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I am just saying that bickering and pissing like this is not good for the OpenBSD/Open
Source image, sure people who switch are stupid, blah blah blah. But you have to remember
that the people who control the purse strings and the decision making abilities in large
companies are not the most tech savvy, and they see these little "hackers" arguing over
licensing and go somewhere a bit more stable. Logical or not this is not a good political
move, in other words it looks bad to people on the outside. Any body know a good spin
doctor, cause OpenBSD needs one.
> People can still download and install IPF. It isn't that difficult. It
> is just no in the source or shipped with it due to licensing reasons, that
> doesn't stop someone like you from downloading and installing it. A small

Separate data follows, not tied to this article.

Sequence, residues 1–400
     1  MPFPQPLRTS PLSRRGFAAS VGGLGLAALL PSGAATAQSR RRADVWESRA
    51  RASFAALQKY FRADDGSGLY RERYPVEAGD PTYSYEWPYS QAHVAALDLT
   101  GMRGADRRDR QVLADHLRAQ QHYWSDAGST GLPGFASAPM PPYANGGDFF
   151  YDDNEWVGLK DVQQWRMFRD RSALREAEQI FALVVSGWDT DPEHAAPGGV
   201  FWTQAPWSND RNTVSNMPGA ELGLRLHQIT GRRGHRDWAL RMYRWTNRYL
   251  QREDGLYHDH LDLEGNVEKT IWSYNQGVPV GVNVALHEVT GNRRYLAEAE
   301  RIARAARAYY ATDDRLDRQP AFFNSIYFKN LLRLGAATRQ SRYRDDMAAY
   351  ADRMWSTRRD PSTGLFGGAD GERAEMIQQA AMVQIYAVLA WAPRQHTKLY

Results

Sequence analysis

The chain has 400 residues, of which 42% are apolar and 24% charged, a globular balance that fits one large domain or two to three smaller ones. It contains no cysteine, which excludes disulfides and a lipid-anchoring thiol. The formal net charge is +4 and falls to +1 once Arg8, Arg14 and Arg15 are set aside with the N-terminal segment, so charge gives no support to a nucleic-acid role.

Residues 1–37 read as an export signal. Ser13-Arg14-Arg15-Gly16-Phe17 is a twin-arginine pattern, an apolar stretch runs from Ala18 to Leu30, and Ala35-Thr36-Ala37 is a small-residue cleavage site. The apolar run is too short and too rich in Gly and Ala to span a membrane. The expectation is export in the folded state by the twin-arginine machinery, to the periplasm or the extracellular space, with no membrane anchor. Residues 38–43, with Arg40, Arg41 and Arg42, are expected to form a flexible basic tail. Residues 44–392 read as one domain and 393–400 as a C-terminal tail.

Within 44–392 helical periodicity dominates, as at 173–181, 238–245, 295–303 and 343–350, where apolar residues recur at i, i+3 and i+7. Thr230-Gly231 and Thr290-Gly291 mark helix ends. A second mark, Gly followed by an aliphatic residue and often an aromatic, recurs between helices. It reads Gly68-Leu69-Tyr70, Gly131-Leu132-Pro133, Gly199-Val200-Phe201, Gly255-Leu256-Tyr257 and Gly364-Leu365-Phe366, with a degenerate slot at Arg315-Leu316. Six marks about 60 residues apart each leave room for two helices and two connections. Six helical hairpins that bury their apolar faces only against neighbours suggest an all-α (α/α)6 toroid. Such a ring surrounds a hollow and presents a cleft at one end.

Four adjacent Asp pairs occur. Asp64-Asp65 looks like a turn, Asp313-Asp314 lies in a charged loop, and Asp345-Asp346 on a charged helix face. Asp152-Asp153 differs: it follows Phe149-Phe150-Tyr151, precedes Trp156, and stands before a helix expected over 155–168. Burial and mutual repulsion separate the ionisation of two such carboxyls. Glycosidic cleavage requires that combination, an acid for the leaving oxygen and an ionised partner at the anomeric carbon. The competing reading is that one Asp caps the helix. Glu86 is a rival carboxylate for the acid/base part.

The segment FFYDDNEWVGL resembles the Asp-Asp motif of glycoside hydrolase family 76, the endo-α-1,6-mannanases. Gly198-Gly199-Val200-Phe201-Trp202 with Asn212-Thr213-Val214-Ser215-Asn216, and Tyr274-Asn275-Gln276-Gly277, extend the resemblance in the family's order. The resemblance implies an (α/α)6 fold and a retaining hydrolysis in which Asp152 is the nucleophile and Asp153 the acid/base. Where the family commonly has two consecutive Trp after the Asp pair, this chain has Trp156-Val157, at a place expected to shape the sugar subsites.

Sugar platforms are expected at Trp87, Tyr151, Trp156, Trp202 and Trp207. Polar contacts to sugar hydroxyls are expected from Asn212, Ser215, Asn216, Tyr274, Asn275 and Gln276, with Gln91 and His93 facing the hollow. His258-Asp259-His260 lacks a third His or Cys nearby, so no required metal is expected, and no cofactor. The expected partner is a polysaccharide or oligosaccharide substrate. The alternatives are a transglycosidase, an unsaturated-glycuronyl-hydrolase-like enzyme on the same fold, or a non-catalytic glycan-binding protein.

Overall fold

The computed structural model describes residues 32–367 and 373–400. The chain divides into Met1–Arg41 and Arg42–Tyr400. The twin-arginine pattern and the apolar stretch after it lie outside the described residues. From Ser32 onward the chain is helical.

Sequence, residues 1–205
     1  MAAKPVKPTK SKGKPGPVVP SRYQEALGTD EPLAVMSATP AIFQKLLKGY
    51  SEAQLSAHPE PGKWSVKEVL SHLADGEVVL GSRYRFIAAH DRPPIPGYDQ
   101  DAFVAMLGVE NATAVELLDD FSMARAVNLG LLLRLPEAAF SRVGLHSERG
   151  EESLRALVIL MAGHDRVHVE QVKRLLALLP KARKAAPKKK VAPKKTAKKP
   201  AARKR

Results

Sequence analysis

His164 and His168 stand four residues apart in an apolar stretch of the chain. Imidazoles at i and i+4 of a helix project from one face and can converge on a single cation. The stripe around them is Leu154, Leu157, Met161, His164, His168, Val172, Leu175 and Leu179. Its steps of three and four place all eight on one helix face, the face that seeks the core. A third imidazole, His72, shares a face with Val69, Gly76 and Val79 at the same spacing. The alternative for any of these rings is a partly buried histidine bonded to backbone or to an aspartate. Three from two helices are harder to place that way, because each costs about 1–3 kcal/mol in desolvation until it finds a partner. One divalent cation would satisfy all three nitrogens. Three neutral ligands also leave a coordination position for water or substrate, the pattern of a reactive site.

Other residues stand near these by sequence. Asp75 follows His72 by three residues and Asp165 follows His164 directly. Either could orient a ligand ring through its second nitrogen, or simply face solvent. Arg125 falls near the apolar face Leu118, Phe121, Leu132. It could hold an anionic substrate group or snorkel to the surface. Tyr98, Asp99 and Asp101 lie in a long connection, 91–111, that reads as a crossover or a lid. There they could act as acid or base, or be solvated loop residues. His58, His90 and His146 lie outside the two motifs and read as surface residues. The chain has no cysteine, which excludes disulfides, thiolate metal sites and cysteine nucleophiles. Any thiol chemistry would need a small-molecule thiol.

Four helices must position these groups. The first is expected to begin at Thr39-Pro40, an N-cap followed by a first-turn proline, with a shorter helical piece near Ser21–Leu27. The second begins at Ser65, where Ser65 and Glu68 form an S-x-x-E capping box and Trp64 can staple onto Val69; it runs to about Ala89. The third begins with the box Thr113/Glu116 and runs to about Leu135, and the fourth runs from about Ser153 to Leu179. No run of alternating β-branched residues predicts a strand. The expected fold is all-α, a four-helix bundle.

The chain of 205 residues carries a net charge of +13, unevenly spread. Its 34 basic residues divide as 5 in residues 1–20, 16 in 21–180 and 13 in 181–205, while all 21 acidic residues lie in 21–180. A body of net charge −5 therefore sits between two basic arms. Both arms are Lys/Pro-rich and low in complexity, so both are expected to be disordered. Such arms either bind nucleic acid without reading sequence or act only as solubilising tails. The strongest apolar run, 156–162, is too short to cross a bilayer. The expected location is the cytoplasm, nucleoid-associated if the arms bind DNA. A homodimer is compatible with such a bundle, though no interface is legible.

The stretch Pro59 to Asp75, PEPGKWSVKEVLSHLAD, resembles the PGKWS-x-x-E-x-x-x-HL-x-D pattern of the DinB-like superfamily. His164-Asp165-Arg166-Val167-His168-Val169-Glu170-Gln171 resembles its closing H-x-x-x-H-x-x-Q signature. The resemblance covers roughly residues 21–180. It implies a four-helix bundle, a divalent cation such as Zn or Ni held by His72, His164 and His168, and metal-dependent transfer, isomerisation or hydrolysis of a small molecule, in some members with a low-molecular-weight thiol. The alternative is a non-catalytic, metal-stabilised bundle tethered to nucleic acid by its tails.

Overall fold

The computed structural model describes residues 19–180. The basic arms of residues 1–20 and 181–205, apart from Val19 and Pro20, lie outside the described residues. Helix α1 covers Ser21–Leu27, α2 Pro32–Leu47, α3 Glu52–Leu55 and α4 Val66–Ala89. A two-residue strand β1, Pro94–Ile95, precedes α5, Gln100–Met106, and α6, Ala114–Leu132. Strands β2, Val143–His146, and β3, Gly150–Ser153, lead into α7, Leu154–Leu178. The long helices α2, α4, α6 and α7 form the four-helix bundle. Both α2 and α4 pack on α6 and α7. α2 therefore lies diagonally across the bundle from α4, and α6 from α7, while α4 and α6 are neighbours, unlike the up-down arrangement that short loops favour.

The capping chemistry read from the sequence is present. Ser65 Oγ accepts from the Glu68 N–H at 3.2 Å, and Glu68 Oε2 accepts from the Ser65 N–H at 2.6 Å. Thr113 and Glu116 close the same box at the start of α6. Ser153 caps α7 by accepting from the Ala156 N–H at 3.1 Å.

> If IPF being removed makes anyone switch from OpenBSD, then I consider
> that person an idiot, I don't want to use IPF anymore because of the
> license either.
> > Sure security permeates the OS, but the fact that you had the most secure OS, and a
> > damn nice stateful packet filter in one package was what made OpenBSD for me, guess
> > I can't speak for everyone.
> > William Yodlowsky wrote:
> > > On Wed, May 30, 2001 at 03:18:28PM -0500, John Vernier Simon wrote:
> > > [snip]
> > > > well the few spoil the cream for the many. Hopefully everyone will come to
> > > > their senses and Theo will put the source back, as IPF was a really big chunk
> > > > of OpenBSD's great security.
> > >
> > > Um, no, the security permeates the OS. This was only an IP filter +
> > > NAT.